Member Rights FAQs


It is important to us that you understand your rights as a UnitedAg member:

  • You have the right to receive information about UnitedAg, its services, its providers
  • You have the right to appeal any decision made by UnitedAg and to receive a response within 30 days. You have 180 days to appeal an adverse determination or appeal of a denied claim. Please send your appeal to: UnitedAg, 54 Corporate Park, Irvine, CA 92606. (Please refer to the UnitedAg Summary Plan Description:

As a participant in UABT you are entitled to certain rights and protections under the Employee Retirement Income Security Act of 1974 (ERISA, 29 U.S.C. 1001 et seq.). ERISA specifies that all Plan Participants shall be entitled to:

  • Examine, without charge, at the Plan Administrator’s office, all Plan Documents and copies of all documents filed by the Plan with the U.S. Department of Labor, such as detailed annual reports and Plan descriptions.
  • Obtain copies of all Plan Documents and other Plan information upon written request to the Plan Administrator. The Plan Administrator may make a reasonable charge for the copies.
  • Receive a summary of the Plan's annual financial report. The Plan Administrator is required by law to furnish each participant with a copy of this Summary Annual Report.

Read more about this topic in the Member Rights section of the Member Guide.

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As a member of UnitedAg, you have the right to confidentiality. Confidentiality means you have the right to have your medical information kept private. This information cannot be released without your permission. At UnitedAg, we take confidentiality very seriously.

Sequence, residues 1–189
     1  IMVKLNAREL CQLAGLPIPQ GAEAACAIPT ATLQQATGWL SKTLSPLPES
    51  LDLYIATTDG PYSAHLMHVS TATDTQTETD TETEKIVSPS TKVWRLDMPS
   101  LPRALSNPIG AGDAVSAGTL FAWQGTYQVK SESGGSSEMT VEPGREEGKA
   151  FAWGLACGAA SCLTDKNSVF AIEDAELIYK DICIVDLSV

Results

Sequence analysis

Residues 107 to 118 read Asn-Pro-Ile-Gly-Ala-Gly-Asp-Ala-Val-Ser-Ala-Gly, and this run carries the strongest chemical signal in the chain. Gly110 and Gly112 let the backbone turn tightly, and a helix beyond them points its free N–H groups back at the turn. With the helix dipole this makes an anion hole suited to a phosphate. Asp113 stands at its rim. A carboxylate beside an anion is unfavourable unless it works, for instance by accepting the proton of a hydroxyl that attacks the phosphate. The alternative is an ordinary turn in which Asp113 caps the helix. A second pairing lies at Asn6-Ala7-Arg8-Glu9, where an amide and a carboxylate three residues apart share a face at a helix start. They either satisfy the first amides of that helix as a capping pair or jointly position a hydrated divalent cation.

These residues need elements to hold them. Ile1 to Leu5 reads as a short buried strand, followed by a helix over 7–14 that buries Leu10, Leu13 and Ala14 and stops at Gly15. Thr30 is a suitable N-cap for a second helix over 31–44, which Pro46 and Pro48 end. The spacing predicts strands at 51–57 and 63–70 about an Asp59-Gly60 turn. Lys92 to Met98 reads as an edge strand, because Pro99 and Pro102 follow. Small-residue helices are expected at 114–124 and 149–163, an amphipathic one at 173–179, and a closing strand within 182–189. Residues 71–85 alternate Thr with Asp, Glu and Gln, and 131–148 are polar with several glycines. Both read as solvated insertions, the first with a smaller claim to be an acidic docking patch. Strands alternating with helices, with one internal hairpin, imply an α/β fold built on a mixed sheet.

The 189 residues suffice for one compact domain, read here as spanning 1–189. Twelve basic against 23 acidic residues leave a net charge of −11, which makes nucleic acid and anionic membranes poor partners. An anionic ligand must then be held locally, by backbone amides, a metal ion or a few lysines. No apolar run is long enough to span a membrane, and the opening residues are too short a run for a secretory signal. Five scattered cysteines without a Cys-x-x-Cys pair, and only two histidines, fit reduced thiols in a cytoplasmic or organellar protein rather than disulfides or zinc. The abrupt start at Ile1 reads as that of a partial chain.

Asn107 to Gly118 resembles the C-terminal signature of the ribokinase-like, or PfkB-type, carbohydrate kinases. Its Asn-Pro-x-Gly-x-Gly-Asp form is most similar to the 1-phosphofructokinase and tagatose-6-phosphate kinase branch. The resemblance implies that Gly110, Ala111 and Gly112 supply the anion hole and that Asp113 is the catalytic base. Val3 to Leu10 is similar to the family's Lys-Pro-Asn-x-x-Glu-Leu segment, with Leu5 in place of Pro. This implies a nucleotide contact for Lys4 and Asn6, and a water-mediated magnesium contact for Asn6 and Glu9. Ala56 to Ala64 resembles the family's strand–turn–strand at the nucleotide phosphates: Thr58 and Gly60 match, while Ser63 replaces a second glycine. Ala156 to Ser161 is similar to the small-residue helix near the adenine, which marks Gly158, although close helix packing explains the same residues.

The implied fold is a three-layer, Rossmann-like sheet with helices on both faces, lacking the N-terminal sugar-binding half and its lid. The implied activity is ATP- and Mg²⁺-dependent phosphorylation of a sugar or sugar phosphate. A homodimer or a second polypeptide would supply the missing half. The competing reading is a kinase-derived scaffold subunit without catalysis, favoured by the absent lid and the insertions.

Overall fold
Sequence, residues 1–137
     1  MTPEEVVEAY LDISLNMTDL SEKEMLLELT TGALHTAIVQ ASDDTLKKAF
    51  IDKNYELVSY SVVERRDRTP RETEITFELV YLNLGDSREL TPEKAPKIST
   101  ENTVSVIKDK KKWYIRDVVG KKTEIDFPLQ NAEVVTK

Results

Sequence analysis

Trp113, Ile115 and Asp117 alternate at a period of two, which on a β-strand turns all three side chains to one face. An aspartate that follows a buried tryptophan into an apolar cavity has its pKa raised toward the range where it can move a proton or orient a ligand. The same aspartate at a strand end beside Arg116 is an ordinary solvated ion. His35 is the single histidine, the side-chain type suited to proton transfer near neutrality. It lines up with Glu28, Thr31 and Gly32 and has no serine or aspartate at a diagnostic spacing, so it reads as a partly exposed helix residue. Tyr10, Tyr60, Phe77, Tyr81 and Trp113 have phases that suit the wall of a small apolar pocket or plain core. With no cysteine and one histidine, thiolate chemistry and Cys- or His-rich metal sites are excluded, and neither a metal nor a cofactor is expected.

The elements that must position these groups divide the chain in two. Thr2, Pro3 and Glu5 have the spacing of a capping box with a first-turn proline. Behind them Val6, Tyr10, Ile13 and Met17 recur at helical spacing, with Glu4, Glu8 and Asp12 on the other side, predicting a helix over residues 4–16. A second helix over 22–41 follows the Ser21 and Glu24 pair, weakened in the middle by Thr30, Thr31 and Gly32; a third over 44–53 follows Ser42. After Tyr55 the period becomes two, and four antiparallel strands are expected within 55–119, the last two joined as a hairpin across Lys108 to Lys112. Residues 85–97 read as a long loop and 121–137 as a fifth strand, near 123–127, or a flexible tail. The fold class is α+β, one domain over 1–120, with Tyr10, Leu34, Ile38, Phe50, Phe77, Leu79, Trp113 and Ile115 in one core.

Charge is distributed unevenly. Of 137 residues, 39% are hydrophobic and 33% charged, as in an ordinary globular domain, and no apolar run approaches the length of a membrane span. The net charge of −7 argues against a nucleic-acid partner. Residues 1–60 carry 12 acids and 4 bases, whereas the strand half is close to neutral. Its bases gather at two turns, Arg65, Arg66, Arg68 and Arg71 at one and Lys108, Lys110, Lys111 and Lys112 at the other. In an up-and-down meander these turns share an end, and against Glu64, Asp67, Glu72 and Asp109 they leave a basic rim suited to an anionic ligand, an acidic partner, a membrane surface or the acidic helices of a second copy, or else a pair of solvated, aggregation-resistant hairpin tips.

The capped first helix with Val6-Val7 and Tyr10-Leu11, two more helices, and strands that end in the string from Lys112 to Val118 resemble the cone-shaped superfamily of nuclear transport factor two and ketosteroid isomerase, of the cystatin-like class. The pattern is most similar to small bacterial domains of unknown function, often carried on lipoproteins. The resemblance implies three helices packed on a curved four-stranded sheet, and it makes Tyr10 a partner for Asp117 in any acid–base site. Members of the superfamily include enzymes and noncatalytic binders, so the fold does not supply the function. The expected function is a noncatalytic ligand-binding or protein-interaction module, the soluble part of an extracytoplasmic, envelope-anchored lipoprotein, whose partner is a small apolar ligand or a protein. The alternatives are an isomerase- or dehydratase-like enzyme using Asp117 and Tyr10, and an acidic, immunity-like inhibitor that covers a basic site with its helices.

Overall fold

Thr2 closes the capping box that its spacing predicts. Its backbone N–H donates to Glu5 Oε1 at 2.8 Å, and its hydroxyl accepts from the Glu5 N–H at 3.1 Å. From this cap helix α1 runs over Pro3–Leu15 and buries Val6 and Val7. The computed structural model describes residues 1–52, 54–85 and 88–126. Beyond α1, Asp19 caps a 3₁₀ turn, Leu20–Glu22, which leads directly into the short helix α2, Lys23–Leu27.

The Health Insurance Portability and Accountability Act of 1996 (HIPAA) and its implementing regulations restrict the UnitedAg’s ability to use and disclose protected health information. UnitedAg’s privacy policy applies to UnitedAg, its Board of Trustees, Plan Administrator, employees, service representatives and any third party that assists in the administration of UnitedAg claims.

Read more about this topic in the Notice of Privacy section of the Member Guide.

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When you get emergency care or get treated by an out-of-network provider at an in-network hospital or ambulatory surgical center, you are protected from surprise billing or balance billing.

What is “balance billing” (sometimes called “surprise billing”)?

When you see a doctor or other health care provider, you may owe certain out-of-pocket costs, such as a copayment, coinsurance, and/or a deductible. You may have other costs or must pay the entire bill if you see a provider or visit a health care facility that isn’t in your health plan’s network.

“Out-of-network” describes providers and facilities that haven’t signed a contract with your health plan. Out-of-network providers may be permitted to bill you for the difference between what your plan agreed to pay and the full amount charged for a service. This is called “balance billing.” This amount is likely more than innetwork costs for the same service and might not count toward your annual out-of-pocket limit.

“Surprise billing” is an unexpected balance bill. This can happen when you can’t control who is involved in your care—like when you have an emergency or when you schedule a visit at an in-network facility but are unexpectedly treated by an out-of-network provider.

Read more about this topic in the Rights and Protections Against Surprise Medical Bills section of the Member Guide.

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